professional responsibility; courts; judicial regulation; ethics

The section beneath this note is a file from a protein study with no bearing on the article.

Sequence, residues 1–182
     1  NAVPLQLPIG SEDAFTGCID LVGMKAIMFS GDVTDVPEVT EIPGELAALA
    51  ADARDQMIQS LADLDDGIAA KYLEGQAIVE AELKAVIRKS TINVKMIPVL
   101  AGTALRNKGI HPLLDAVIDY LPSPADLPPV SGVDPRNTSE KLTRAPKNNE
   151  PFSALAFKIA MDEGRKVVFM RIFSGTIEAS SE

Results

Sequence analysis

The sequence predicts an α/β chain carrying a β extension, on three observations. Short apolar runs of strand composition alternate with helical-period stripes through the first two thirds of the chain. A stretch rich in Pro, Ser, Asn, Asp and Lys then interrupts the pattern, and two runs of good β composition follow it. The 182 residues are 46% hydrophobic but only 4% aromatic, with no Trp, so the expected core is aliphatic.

Discrimination during voir dire remains a critical impediment to empaneling juries that reflect the diversity of the United States. While various solutions have been proposed, scholars have largely overlooked ethics rules as an instrument for preventing discriminatory behavior during jury selection. Focusing on American Bar Association Model Rule of Professional Conduct 8.4(g), which regulates professional misconduct, this Article argues that ethics rules may, under certain conditions, deter the exclusionary practices of legal actors. Part I examines the specific history, evolution, and application of revised Model Rule 8.4(g). Part II delves into the ways that ethics rules in general, despite their limited use, can spur legal and cultural change. Focusing on jury exclusion, Part III shows how Model Rule 8.4(g) in particular might be applied to more effectively challenge and sanction instances of race- and sex-based discrimination during voir dire. In so doing, this Article reaffirms the productive role that ethics rules can play in preventing forms of misconduct that undermine confidence in the American jury and justice system.

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